You can successfully grow a beautiful lawn by mixing Bermuda Grass with St. Augustine if you live in USDA Zones 7-10.

You are looking to establish the best lawn possible for your area and have perhaps heard that mixing these grasses can be a great thing or a bad thing.

We are here to tell you that you can combine the two successfully and show you exactly what to do to succeed — and what to avoid.

Can you mix Bermuda grass with St. Augustine?

Yes! You can mix the two kinds of grass to help make your lawn successful. Of course, you will want to know exactly how to take care of the grass and keep it happy and flourishing, since the grasses have their specific strengths and weaknesses.

St. Augustine Grass is a sod turf. It spreads through above-ground stolons. The stolons spread and root into the soil, helping it spread quickly. So, many describe St. Augustine as aggressive because it can choke out weeds if appropriately maintained.

St. Augustine is the most shade-tolerant grass. St. Augustine grows in the warm-season grass zone. This zone includes southern New Mexico and Arizona, a significant portion of Texas, Louisiana, Mississippi, Alabama, Georgia, South Carolina, and Florida.

Bermuda also forms a turf, but it spreads with rhizomes and stolons. Stolons fill in bare patches of soil, while rhizomes grow underneath the ground. Rhizomes establish root systems. Bermuda is a more aggressive grass than St. Augustine in most climates. Bermuda is used more often for outdoor sports fields.

Bermuda is not shade-tolerant and needs to be mowed very short. Bermuda has a wider range of growth. Bermuda also grows in the transition zone, meaning it can thrive in much more of the United States than St. Augustine grass can.

Will Bermuda grass take over St. Augustine?

It can if the following steps are not taken. Consider the following profiles and comparisons to help you understand the differences and help you keep Bermuda from overtaking St. August.

Bermuda St. Augustine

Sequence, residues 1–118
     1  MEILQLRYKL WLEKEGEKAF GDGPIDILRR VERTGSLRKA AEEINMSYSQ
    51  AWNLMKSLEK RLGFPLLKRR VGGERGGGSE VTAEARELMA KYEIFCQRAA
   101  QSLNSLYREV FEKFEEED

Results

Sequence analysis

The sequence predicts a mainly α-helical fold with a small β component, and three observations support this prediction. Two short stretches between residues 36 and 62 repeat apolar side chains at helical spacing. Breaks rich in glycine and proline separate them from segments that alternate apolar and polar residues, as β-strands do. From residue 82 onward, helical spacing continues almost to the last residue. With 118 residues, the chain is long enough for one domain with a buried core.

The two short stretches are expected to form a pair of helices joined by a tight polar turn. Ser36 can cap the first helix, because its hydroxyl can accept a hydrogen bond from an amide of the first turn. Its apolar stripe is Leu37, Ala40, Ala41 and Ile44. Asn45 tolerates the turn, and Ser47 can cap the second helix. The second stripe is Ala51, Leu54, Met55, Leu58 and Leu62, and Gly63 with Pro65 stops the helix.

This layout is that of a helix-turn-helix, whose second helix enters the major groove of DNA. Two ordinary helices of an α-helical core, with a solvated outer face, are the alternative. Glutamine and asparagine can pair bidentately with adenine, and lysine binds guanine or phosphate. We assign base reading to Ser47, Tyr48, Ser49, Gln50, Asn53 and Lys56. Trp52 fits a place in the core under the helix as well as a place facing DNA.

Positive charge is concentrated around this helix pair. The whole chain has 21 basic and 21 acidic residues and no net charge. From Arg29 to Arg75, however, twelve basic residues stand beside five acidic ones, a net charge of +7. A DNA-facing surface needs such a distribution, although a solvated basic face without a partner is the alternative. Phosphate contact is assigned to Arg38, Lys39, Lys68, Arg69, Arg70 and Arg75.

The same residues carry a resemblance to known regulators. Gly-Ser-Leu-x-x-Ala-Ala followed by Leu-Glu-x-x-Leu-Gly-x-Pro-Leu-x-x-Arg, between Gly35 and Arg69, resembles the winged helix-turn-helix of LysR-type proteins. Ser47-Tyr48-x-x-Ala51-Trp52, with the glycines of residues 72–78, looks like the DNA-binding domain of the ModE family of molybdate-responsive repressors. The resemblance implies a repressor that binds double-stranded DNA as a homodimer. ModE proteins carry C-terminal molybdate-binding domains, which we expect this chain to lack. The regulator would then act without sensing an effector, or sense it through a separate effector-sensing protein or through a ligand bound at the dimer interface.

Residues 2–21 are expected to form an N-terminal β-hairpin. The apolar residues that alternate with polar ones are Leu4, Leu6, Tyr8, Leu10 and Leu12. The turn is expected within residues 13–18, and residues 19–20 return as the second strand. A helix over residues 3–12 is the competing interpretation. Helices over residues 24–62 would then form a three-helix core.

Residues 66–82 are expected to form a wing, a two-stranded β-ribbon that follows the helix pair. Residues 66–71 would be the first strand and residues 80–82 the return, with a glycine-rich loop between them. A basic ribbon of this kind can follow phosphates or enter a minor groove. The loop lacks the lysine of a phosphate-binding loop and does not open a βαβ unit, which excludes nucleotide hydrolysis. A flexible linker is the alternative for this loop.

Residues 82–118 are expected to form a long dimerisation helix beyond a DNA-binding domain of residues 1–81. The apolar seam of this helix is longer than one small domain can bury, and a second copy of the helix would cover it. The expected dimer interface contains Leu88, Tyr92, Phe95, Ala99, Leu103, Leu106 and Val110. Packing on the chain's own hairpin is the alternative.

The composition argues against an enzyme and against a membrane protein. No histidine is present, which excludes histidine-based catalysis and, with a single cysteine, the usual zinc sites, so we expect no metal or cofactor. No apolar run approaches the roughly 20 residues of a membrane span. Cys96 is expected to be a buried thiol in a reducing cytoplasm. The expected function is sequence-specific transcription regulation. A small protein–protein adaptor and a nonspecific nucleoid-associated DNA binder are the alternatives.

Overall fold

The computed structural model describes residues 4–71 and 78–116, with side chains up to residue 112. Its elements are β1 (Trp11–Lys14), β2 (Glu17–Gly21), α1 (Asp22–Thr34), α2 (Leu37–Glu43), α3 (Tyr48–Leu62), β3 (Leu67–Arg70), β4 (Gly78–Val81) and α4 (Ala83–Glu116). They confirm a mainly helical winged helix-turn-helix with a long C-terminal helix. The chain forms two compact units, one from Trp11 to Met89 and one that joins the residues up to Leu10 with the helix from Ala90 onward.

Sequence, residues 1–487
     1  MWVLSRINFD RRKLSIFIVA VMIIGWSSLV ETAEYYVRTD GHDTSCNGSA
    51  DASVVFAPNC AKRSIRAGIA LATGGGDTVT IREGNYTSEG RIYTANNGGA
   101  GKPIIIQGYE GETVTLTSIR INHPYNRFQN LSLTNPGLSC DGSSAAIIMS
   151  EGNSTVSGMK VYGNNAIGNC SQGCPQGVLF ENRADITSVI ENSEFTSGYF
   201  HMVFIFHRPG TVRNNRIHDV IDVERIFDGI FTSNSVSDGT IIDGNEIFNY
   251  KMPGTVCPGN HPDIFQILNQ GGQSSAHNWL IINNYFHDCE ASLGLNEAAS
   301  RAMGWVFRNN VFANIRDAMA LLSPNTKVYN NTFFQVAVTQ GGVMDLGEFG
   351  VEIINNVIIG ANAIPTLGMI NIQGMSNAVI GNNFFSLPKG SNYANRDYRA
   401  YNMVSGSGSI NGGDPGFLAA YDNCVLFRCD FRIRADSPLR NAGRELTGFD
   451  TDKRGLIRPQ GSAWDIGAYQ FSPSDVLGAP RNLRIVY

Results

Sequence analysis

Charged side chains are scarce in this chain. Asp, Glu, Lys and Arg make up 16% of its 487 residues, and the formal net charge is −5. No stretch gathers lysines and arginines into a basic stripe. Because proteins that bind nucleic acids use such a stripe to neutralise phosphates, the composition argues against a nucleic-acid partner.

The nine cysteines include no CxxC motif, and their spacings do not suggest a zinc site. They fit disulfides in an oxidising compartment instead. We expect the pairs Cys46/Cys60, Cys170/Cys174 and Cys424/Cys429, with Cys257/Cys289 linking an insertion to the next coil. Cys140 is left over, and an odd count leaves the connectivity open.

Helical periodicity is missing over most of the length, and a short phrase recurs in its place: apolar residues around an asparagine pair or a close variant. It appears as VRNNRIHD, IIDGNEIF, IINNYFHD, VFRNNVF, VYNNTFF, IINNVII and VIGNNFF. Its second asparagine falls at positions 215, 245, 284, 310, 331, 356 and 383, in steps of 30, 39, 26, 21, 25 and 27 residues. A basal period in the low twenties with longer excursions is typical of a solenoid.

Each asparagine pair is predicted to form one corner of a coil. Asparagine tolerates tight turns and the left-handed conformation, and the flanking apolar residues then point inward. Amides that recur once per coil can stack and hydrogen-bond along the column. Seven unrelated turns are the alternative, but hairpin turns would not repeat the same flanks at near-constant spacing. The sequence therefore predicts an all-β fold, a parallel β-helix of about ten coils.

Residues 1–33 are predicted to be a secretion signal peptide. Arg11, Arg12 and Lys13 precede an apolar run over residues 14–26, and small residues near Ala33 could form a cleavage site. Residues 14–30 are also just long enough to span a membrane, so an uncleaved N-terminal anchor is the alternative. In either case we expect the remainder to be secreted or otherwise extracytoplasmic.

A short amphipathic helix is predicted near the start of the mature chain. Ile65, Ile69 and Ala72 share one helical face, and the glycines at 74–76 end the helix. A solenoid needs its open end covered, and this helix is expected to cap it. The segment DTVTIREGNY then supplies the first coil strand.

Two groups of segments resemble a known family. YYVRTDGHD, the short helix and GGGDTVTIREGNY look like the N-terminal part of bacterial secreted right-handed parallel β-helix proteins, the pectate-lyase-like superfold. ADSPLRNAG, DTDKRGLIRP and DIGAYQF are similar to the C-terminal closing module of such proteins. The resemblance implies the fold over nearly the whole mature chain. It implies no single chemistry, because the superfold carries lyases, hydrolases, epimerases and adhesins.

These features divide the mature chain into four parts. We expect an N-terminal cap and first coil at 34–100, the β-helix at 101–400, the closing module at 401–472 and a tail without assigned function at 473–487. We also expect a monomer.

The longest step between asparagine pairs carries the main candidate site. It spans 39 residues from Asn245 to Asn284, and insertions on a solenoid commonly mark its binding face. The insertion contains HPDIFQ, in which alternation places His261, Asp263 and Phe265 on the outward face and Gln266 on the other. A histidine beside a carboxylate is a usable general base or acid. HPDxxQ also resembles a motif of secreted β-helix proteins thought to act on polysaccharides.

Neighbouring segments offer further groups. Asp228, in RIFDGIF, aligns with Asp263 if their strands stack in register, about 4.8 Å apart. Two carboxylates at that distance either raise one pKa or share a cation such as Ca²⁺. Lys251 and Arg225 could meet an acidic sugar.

Mow to a height of 1”–2” Mow to a height of 2.5”–4”
Irrigation of 1” when lawn shows drought stress Irrigation of 2” when lawn shows drought stress
Fertilizer of 1–2 lbs. of nitrogen per growing season for each 1,000 sq ft. Fertilizer of 2–4 lbs. of nitrogen per growing season for each 1,000 sq ft.
Issues: Large patch, dollar spot, spring dead spot Issues: Chinch bugs, brown patch, gray leaf spot

St. Augustine will not grow as quickly as Bermuda but can grow such a large mat of grass that it will potentially choke out all weeds in your lawn. Growing blades to a higher level but mowing often will cause the grass to thicken.

There are several ways to manage Bermuda in a St. Augustine law. However, note that spraying the grass is not one of them. Pesticides will harm both types of grasses.

  • The easiest way to encourage the growth of St. Augustine is to mow set at a high level — as much as 4” — and cut twice per week.
  • Mow with a sharp blade. A sharp blade will help make a cleaner cut. This clean-cut ensures that your grass is healthier.
  • The tall blades of grass will shade the Bermuda and help promote St. Augustine growth while slowing Bermuda growth.
  • Don’t catch your grass clippings but let them fall back onto the grass and eventually into the soil. The clippings add nitrogen back into the ground and help to shade out the Bermuda grass.
  • Don’t use St. Augustine exclusively in high-traffic areas. A lawn that is constantly trampled will allow Bermuda to fill in the bare patches quickly. Bermuda will create a stronghold in well-traveled areas. Then it will continue to spread into the rest of your lawn. It is always better to address potential problems early in the process.

What happens by overseeding St. Augustine with Bermuda grass?

Despite all these potential negative things that Bermuda can do to a lawn when it grows out of control, add Bermuda to your St. Augustine lawn by overseeding it to make it plush and full.

Use Bermuda grass to your advantage in a lawn that is primarily St. Augustine. First, it is expensive to establish St. Augustine because it can only be planted with plugs, sprigs, and sod. But you can plant Bermuda with seed and establish a lawn quickly.

Many homeowners seed Bermuda grass, hoping to get a thick lawn. This seeding allows the lawn to take in water without creating mud puddles, protects against erosion, and holds the freshly seeded portion in place. Homeowners also will plant St. Augustine sprigs along with the seed. They may take longer to root and grow, but they will quickly spread and shade out Bermuda once they take hold.